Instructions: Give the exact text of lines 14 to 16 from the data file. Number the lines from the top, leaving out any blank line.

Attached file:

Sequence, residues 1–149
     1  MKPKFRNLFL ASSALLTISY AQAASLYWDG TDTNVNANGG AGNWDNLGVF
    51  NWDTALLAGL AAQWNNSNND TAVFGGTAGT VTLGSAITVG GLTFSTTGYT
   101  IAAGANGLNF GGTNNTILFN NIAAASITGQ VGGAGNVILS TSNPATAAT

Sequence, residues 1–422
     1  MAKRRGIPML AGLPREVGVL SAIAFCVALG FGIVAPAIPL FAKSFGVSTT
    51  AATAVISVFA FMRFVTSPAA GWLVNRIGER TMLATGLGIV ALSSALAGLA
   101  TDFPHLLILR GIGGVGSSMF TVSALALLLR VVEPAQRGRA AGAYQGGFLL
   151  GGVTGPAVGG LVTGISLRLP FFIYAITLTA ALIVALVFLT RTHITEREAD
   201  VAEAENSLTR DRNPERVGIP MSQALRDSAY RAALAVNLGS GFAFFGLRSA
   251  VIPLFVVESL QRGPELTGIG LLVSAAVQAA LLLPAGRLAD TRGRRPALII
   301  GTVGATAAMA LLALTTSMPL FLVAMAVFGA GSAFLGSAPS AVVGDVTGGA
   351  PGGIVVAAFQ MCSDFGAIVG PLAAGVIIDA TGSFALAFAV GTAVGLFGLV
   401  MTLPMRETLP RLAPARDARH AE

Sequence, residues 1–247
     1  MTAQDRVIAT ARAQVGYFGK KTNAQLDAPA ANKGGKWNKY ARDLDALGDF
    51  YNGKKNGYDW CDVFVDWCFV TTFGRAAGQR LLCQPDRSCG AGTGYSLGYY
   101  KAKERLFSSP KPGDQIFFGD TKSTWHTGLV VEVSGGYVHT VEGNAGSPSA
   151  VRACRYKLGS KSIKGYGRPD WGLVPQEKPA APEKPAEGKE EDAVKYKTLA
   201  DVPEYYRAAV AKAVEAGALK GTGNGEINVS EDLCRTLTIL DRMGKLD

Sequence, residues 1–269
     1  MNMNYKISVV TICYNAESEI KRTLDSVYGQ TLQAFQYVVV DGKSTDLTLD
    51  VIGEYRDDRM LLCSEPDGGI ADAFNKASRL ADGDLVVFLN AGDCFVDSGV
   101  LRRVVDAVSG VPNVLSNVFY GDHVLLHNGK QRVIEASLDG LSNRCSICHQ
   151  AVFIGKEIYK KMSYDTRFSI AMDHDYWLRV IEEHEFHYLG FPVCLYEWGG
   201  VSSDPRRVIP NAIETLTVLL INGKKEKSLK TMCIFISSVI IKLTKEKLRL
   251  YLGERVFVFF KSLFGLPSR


   401  MTLPMRETLP RLAPARDARH AE

Sequence, residues 1–247
     1  MTAQDRVIAT ARAQVGYFGK KTNAQLDAPA ANKGGKWNKY ARDLDALGDF